Seahawks coach Pete Carroll said Thursday he met with defensive lineman Michael Bennett at the Pro Bowl but won't say if a new deal will get done. And for now, he said the priority is on adding to the team and keeping free agents, not redoing current deals of players such as Bennett or Kam...

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Much like the NFL’s regular season, the offseason has a specific schedule of events.

And for now, that means teams are scouting potential draft picks and planning for free agency.

But at some point, the Seahawks will have to decide what to do with two high-profile veterans who are unhappy with their contracts — defensive lineman Michael Bennett and safety Kam Chancellor.

Bennett’s situation has taken on a different tenor with the news this week that he has changed agents. Bennett parted with Drew Rosenhaus and will be represented by Doug Hendrickson, the agent for running back Marshawn Lynch who helped Lynch get some alterations to his contract in 2014 and a new deal last March.

Speaking at the NFL combine on Thursday, Seahawks coach Pete Carroll said he met with Bennett at the Pro Bowl in Honolulu a few weeks ago.

“Yeah we have visited,’’ Carroll said. “Visited over there at the Pro Bowl, you know. Had a nice little stay there. … Michael’s doing good. Mike’s got business. I respect the heck out him. He did a great job this season, and we’re looking forward to another big year.”

If that sounds a little vague, that’s par for the course and by design. Carroll added that the time for restructuring or extending current contracts isn’t now.

“We’ve got a lot of work to do,’’ Carroll said. “Really, the guys who are under contract can’t be the first-priority guys right now, in any order. We are really digging in, trying to keep our team together. And that will always be the way we go about it. We love Kam and Mike – the question, you brought that up – we love those guys. And we are going to do all we can to make sure they can stay with us.”

But Carroll also stated an increasingly challenging NFL truth.

“We’d love to reward everybody,’’ he said. “Can’t always do that.’’

Many observers believe if the Seahawks were to reward one of those two it would be Bennett. After debating whether to hold out last year, he reported on time and turned in a season that landed him in the Pro Bowl for the first time.

Chancellor, meanwhile, held out through training camp and the first two games of the season before returning with no changes to his contract. Chancellor said then that he hoped something would be done after the season.

But if Carroll has held a similar meeting with Chancellor as he had with Bennett, he didn’t say.

Carroll, though, praised the way Bennett handled the season, comments that would seem to lend credence to the thought that the Seahawks might be more willing to work out something with Bennett than Chancellor. Both players have two years remaining on their contracts.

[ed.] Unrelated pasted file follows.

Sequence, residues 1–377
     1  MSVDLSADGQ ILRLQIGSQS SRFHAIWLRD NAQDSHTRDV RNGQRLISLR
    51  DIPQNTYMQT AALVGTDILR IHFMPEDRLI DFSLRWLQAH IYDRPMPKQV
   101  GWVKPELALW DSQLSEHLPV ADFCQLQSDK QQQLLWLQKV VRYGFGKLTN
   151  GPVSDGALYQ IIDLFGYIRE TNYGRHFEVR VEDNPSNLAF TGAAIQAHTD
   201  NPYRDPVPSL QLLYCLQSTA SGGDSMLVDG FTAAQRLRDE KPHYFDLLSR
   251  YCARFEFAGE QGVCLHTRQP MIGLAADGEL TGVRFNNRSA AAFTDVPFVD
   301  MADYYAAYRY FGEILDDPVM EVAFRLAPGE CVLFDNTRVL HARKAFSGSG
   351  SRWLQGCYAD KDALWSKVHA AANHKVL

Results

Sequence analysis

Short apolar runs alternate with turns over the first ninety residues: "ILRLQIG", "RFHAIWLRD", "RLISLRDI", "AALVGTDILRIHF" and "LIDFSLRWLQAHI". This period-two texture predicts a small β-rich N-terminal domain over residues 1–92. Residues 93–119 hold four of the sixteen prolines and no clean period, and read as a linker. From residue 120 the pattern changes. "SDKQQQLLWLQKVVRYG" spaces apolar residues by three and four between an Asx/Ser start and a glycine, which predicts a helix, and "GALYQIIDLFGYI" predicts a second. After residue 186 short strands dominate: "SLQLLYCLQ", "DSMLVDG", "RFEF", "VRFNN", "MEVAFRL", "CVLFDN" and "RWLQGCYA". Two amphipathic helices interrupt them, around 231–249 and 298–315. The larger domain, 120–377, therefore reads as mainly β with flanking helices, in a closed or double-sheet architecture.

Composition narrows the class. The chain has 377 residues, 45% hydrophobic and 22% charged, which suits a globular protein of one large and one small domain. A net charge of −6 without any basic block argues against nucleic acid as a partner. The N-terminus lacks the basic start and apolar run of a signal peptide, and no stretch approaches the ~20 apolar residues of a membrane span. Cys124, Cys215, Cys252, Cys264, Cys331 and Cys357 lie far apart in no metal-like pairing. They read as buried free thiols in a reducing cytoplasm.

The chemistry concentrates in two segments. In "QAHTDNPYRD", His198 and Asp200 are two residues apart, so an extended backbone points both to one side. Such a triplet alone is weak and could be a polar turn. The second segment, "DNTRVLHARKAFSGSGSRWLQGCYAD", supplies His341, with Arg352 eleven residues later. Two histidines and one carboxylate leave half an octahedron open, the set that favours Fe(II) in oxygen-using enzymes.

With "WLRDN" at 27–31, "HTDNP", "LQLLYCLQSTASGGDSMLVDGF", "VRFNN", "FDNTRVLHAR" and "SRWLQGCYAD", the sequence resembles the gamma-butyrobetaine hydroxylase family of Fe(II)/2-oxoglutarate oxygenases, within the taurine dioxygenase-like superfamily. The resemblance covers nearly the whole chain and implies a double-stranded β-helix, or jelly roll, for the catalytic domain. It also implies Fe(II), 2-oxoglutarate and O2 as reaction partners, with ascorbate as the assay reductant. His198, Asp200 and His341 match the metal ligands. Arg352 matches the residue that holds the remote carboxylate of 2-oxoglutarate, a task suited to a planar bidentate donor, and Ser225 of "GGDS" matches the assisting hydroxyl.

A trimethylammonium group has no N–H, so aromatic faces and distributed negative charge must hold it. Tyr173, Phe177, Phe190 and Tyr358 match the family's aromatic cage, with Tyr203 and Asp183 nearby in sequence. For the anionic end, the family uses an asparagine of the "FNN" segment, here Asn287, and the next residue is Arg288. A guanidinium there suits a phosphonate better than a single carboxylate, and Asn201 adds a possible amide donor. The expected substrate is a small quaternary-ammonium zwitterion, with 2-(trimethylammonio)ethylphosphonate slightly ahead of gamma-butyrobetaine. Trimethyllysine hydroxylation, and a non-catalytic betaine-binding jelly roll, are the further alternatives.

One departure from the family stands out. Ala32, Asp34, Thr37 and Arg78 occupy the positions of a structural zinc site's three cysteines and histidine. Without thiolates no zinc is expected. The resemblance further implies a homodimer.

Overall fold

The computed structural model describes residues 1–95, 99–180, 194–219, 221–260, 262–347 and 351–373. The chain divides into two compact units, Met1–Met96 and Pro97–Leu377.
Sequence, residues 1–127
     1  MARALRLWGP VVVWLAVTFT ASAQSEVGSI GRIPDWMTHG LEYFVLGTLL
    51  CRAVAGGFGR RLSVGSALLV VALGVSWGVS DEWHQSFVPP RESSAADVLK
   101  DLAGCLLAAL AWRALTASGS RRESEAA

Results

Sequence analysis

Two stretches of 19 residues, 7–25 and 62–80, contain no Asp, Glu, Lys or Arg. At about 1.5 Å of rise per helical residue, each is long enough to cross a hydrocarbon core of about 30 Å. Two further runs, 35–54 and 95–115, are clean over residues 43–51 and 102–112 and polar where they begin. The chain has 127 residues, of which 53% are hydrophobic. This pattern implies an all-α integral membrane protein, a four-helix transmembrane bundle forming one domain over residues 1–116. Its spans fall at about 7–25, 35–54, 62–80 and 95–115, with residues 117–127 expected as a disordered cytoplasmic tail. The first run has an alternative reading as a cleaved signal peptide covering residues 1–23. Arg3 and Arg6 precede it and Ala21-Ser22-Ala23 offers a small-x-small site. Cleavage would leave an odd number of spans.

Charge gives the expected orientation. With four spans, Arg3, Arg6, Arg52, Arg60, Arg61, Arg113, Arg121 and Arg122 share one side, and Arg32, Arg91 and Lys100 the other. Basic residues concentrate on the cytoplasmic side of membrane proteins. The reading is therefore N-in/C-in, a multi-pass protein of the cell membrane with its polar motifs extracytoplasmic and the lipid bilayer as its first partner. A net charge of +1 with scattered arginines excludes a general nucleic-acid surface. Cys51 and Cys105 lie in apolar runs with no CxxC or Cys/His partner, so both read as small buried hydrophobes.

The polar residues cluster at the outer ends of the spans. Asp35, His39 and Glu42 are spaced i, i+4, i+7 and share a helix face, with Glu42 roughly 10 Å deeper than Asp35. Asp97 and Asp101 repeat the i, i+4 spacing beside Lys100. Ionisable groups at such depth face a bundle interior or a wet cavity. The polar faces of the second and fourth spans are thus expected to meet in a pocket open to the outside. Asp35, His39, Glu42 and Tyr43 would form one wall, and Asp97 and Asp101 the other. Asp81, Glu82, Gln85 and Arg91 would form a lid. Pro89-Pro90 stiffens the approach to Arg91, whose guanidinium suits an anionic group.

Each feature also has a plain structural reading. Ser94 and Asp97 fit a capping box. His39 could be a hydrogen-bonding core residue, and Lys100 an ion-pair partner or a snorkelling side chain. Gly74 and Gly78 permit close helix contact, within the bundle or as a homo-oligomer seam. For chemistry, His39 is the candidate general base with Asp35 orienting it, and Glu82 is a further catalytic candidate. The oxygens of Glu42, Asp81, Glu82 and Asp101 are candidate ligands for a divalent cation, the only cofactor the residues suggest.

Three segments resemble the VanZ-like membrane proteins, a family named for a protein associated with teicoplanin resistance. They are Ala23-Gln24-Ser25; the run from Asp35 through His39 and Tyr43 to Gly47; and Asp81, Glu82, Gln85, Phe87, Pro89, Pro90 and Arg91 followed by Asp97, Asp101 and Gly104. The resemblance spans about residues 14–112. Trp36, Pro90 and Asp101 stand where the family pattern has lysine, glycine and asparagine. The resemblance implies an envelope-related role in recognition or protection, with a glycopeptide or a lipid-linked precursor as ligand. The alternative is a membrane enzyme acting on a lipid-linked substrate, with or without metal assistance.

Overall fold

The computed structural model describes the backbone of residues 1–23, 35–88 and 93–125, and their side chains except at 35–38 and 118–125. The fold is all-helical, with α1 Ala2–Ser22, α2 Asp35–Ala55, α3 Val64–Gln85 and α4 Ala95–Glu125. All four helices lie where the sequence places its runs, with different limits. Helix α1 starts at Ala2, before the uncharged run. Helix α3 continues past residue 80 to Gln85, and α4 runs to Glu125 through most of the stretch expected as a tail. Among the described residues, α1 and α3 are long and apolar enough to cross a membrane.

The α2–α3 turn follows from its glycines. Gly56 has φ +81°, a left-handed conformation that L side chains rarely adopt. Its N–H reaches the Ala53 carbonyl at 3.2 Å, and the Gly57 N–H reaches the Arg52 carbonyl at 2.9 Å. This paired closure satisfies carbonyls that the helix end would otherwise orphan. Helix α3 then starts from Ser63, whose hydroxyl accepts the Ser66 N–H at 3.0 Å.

“Well, Mike did all the things he’s supposed to do, you know,’’ Carroll said. “And he did it with a flair. I love that he brought leadership. He brought great energy – and really terrific consistency, too – to our season.’’

Bennett’s decision to switch  agents is viewed a likely effort to increase his chance to get a new contract. Hendrickson has a long history with the Seahawks, having also represented Marcus Trufant and other players.

Bennett signed a four-year, $28.5 million contract in March 2014, just a few days before he could have become an unrestricted free agent. According to he is the NFL’s 12th-highest-paid 4-3 defensive end.

Chancellor signed an extension in 2013 that runs through the 2017 season and averages $7 million a year. He essentially remains tied with Miami’s Reshad Jones as the NFL’s highest-paid strong safety.

Despite the recent retirement of Lynch, which saved them $6.5 million against the salary cap in 2016, the Seahawks have some significant financial challenges. They have about $23 million in cap space for 2016, less than 19 other NFL teams nearing the free-agency period, which begins March 9.

The Seahawks have 17 unrestricted free agents, including left tackle Russell Okung, receiver Jermaine Kearse and outside linebacker Bruce Irvin.

Carroll was asked about each of those players Thursday during his first media availability since the end of the season. But Carroll said he wouldn’t talk about the futures of specific players.

“We are dealing with all these guys all at the same time,’’ Carroll said. “We’ll see how it works out.”

Combine at a glance

What happened: Quarterbacks, receivers and tight ends were measured and met the media, as did a flurry of coaches and team execs.

The big story: The success of Seahawks quarterback Russell Wilson has been cited by some as contributing what suddenly appears to be a greater emphasis on quarterbacks’ hand size. Anything under nine inches is considered a red flag. Wilson’s have been measured at 10¼ inches, which some have said has helped him thrive in Seattle weather. The hands of California’s Jared Goff, a potential top 10 pick, gained much attention when they measured at nine inches. Said Goff: “I’ve been told I have pretty big hands my whole life. I heard I have small hands yesterday apparently. Naw, I’ve never had a problem with that or expect it to be a problem at all.’’

What’s next: Offensive linemen, specialists and running backs will conduct workouts Friday, the first of the combine. Among the position groups meeting the media are linebackers, a group that includes former Huskies Cory Littleton and Travis Feeney and Bellevue High grad Myles Jack of UCLA.